Spy City Tours on Gray Line Bus

This 2.5-hour bus tour departs from Union Station weekly to view 25 notorious espionage sites in DC. Visitors see a different side of the city, as a tour guide points out restaurants, hotels and office buildings linked to intelligence activities. It’s an interactive experience, since guests are asked to crack the codes of secret messages and learn trade secrets from former spies via video (including CIA’s Tony Mendez who inspired the movie ARGO). The tour concludes with a visit to the Spy Museum. / spymuseum.org

Brookside Garden

Nothing signals the arrival of spring more than flowers, and Brookside Garden, naturally, has them in abundance. The 50-acre public display garden at Wheaton Regional Park is a veritable horticultural haven for plant enthusiasts, featuring several niche-gardens, including an Aquatic Garden, Azalea Garden, Children’s Garden, and many more. In May, make a point of strolling through the Trail Garden, where more than 10,000 flowering bulbs spring forth. You could spend all day tip-toeing through the tulips. Best of all, admission is free. / montgomeryparks.org

National Museum of Health and Medicine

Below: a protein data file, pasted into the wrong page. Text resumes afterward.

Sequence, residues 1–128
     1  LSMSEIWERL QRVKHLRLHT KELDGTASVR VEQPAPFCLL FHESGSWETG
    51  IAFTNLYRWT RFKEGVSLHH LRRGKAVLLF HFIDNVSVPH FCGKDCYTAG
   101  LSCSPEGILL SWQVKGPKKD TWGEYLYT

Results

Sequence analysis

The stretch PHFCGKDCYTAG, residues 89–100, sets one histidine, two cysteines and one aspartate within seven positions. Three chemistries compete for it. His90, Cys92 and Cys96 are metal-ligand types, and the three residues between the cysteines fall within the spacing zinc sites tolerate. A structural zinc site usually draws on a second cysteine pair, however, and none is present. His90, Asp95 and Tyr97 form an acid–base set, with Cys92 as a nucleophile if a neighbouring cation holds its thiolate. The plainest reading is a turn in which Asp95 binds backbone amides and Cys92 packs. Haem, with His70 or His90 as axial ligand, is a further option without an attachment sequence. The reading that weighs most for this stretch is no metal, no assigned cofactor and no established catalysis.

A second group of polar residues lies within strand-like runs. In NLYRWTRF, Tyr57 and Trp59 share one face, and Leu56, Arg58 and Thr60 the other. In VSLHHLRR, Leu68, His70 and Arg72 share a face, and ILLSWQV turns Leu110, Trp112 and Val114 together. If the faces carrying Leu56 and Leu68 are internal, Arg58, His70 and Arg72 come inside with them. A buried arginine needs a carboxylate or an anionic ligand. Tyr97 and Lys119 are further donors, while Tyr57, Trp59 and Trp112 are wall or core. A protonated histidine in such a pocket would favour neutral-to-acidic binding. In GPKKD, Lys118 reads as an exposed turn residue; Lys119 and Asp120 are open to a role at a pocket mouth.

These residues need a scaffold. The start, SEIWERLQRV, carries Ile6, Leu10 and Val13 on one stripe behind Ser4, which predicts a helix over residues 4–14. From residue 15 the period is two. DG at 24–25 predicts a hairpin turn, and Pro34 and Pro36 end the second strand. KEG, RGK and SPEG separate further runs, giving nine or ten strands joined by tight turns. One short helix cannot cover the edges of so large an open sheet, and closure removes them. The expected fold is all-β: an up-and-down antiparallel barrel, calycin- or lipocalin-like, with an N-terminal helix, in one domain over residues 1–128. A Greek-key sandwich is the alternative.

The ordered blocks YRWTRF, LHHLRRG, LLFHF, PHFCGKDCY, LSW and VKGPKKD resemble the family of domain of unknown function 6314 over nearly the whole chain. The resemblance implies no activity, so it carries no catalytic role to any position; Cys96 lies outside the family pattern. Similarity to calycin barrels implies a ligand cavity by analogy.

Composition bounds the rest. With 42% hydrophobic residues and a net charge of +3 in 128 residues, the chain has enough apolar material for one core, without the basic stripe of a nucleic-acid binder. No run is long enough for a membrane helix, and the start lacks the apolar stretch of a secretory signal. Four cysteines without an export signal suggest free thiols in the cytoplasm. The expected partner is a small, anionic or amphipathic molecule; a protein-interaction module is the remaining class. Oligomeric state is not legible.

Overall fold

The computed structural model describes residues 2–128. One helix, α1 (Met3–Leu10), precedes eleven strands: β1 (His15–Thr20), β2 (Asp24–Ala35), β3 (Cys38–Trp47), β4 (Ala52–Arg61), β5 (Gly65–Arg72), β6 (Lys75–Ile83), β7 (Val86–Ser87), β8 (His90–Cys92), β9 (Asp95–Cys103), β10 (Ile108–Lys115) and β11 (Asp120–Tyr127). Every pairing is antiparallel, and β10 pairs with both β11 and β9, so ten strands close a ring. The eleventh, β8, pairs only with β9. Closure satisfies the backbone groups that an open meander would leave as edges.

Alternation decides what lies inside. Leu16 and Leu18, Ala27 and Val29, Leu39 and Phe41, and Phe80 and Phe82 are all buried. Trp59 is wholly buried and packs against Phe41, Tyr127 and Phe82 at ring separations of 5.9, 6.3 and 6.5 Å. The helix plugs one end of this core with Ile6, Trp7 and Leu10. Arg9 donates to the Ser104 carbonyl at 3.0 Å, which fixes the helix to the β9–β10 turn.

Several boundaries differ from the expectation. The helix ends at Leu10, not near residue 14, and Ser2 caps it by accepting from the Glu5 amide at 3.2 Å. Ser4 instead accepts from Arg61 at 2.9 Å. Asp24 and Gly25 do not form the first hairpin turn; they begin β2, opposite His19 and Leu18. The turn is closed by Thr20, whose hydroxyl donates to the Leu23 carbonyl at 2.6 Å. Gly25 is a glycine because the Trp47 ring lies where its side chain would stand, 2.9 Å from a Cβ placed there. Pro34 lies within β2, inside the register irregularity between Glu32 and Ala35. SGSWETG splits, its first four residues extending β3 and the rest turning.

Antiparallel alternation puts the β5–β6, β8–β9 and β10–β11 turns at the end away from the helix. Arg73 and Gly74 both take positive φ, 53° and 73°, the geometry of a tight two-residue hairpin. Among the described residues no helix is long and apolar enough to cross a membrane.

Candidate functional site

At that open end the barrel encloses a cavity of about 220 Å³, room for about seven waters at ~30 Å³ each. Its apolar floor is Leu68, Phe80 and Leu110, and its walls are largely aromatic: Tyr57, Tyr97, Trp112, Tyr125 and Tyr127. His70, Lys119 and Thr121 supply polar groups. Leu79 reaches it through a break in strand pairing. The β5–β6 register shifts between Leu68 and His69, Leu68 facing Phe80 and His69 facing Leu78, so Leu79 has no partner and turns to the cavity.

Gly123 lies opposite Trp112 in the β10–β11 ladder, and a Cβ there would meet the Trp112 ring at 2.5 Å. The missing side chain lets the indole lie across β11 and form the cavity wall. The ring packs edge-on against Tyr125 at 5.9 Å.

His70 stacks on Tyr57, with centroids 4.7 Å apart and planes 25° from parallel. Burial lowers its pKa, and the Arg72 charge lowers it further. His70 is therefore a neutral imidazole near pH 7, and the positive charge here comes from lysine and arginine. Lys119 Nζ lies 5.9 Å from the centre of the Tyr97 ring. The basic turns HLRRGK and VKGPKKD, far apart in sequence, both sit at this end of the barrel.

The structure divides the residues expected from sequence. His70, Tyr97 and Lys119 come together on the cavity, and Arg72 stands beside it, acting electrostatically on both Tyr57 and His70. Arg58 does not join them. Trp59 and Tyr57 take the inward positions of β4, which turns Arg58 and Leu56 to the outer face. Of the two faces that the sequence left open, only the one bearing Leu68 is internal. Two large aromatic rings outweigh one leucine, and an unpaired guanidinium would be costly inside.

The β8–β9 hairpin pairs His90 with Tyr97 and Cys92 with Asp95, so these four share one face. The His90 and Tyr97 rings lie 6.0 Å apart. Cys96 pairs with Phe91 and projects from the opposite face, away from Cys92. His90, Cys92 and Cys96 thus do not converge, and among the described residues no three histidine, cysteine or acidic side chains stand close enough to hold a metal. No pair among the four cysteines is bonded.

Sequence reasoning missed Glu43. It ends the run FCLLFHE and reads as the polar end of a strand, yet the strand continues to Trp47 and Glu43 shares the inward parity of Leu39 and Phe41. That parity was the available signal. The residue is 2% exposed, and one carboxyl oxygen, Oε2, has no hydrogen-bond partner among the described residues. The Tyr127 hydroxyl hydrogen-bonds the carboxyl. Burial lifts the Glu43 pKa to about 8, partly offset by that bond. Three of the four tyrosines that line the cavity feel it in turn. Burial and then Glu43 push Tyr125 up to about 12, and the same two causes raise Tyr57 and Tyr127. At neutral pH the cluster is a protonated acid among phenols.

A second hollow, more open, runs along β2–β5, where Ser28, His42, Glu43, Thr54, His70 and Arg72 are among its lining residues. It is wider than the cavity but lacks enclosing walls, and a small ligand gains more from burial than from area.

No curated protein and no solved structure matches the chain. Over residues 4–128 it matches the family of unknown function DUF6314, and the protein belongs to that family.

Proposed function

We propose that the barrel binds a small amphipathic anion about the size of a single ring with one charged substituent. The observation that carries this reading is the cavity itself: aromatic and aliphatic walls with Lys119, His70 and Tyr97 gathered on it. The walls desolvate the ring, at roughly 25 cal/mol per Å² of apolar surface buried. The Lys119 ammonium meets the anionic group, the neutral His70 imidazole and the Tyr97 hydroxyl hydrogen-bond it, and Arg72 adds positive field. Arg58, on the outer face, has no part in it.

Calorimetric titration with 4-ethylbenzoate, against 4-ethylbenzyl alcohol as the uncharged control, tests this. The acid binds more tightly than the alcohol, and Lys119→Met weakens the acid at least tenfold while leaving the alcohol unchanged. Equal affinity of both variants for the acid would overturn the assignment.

Founded in 1862, this new 20,000-foot facility re-opened last year showcasing one of the world’s largest collections of microscopes, medical instruments, anatomical specimens and medical artifacts. Because some exhibits are graphic (wax surgical models, amputated body parts—like Union General Dan Sickles’ leg—and preserved organs) the museum is best for teenagers and the non-squeamish. The presidential display has the bullet that killed Abraham Lincoln, pieces of his skull and plaster molds of his head and hands. / medicalmuseum.mil

Lillypons Water Gardens

Lilypons boasts more than 50 ponds filled with colorful water plants, lilies and bogs. This gardening and landscape center attracts an abundance of wildlife including seabirds, water snakes, frogs and snapping turtles. Birders and photographers, as well as families enjoy touring the gardens and feeding the insatiable koi fish. Thursday morning visitors may join guided walks with a bird expert. Wear boots for walking in mud and marshes. / lilypons.com

BBQ Jamboree

No worries about buying a pig in a poke—the 3rd annual jamboree (May 11) promises BBQ heaven. Serious teams compete in the KCBS-sanctioned cook-off, with $10,000 in prizes at stake. Best part: You taste a sample from each People’s Choice contestant—and then vote! Sample the grape at the wine tasting, with a jamboree souvenir wineglass. Game for the rib-eating contest? Home Depot Kids’ Workshop and other events fill the kid-cool zone. /bbqjamboree.com

Virginia Safari Park

Natural Bridge considers this two zoos in one: Virginia’s only drive-through zoo, and a walk-through petting zoo, with an “interactive habitat” for more aggressive beasts. Feed llamas, camels, zebras, deer. Gentle giraffes eat out of your hand. Meet yaks, kangaroos, even tigers. Animals may be friendly, but they ARE wild. They get frisky around food and may climb on your car. Warning: The camels are crafty—they seem to prefer the buckets to the feed in them. /virginiasafaripark.com

 Compliments of Northern Virginia Magazine